Sep 5, 2016
Where's the faith in YA? - Safah @ Ink Stained Lungs || Diverse Reads 2016
Today we have a thought provoking discussion on the inclusion of faith in YA by the wonderful Safah, over at Ink Stained Lungs!
Diversity has been a hot topic in the literature world, especially in the last few years, and it seems to me that YA has been the bravest in exploring different viewpoints outside of the so called ‘norm’. But while some kinds of diversity are seeing a rise in representation, others are often avoided – one of which is religion. About a month ago a teen blogger wrote for The Guardian about the political correctness of young adult books, noting that ‘it seems as though there are certain tacitly agreed-upon topics on which the boundaries of representation can be pushed…but others which authors are much more reluctant to address,’ and faith seems to be one of them.
It isn’t difficult to understand why – for a lot of religious people, faith forms the biggest part of their identity, it’s viewed as sacred, which makes it all the more sensitive of a topic to write about. But it’s the twenty first century – fear of getting it wrong isn’t a good enough excuse to photo-shop religion out of the picture, especially given that such movements are actually rising in many parts of the world. However, when we go about discussing how to bring religion to the fictional stage, there are some points we need to bear in mind:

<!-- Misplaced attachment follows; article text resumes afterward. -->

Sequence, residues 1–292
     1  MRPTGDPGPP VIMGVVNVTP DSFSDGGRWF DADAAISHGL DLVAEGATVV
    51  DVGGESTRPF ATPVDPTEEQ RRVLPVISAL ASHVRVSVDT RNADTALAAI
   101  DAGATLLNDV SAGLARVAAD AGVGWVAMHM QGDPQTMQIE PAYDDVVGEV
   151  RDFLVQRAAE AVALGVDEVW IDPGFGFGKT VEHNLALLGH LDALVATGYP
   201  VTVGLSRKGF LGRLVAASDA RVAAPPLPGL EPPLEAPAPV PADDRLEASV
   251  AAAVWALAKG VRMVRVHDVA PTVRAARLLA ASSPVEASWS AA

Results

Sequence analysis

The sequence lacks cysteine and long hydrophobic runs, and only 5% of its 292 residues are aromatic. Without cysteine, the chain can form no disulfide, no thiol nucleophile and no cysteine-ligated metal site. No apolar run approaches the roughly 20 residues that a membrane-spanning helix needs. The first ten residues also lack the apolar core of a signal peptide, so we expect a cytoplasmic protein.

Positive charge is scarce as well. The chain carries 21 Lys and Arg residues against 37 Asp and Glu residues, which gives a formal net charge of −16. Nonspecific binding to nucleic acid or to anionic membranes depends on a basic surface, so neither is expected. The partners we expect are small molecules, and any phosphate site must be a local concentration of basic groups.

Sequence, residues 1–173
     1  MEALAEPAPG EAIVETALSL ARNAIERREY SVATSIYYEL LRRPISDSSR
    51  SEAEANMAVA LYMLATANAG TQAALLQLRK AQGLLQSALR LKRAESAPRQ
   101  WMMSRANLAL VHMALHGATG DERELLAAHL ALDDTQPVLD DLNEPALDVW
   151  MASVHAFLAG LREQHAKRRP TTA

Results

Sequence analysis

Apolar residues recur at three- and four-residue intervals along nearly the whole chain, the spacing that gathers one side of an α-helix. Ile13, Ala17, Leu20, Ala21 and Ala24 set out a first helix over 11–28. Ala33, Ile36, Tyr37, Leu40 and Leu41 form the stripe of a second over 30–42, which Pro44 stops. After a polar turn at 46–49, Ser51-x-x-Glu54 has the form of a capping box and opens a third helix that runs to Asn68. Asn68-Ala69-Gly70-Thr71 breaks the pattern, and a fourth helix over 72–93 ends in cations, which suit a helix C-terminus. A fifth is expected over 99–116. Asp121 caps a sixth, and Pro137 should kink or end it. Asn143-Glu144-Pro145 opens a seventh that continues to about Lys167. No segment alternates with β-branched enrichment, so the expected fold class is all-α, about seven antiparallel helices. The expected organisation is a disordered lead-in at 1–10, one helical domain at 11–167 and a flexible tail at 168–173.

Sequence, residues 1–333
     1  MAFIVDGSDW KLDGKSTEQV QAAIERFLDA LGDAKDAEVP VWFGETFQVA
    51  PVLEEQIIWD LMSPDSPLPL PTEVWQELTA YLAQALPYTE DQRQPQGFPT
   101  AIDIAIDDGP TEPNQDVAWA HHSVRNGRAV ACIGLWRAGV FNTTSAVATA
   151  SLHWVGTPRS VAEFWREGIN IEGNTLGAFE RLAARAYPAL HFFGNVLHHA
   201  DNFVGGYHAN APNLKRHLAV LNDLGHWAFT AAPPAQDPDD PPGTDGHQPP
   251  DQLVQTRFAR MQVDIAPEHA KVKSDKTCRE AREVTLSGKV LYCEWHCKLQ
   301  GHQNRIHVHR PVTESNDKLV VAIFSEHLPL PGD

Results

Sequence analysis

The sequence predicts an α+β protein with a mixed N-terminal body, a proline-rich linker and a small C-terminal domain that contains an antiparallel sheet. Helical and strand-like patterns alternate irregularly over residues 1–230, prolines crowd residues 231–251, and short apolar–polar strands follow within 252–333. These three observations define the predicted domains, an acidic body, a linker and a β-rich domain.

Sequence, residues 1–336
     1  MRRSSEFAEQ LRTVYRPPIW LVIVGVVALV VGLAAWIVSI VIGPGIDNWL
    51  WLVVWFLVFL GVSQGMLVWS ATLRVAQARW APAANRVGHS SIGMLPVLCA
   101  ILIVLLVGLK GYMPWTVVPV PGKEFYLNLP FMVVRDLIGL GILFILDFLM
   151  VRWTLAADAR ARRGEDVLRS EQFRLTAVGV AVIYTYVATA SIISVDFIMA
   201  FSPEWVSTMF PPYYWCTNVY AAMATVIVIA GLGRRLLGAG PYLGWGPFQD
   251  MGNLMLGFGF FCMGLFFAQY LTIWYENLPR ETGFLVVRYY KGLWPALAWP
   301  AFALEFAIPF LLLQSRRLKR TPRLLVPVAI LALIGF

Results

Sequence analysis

1. Research is key – While authors who have been brought up in a particular religion might be more knowledgeable when it comes to writing about that particular faith, the topic should be open to authors from all walks of life. However, in these cases it is so important to speak to the communities you want to write about, and do as much in depth research as you can. Sometimes, poor representation is worse than no representation at all.
2. There is no such thing as a default – Both readers and writers alike need to understand that religions are never homogenous. Within one faith there are dozens of different sects and schools of thought, to such an extent that two different sects within one religion can seem worlds apart in theology. It is important for writers to avoid generalizations, but also for readers to understand that one book’s take on a faith will not necessarily be the same as another, and that doesn’t make either incorrect – just different, and religions are full of wonderful diversity in their own right. It should be embraced.
3. It takes time – Something like this can’t happen overnight. And it can’t happen with just a few stories every year. Time and strength in numbers is necessary for YA to succeed in being as diverse in its representation of religion as it is in… its various versions of the same love triangle. (Cheap shot I know, but I had to) My point is, this is something we need to keep going with, stick to – as we should with other forms of diversity too.
The world’s changing, growing, and it’s a beautiful thing - religion doesn’t have to be at odds with it. But if there’s ever going to be world-changing dialogue between people of different faiths or no faith at all, we need to stop being afraid of our differences, and instead, talk about them, write about them, place them between the pages of our stories, and bring them out of the dark.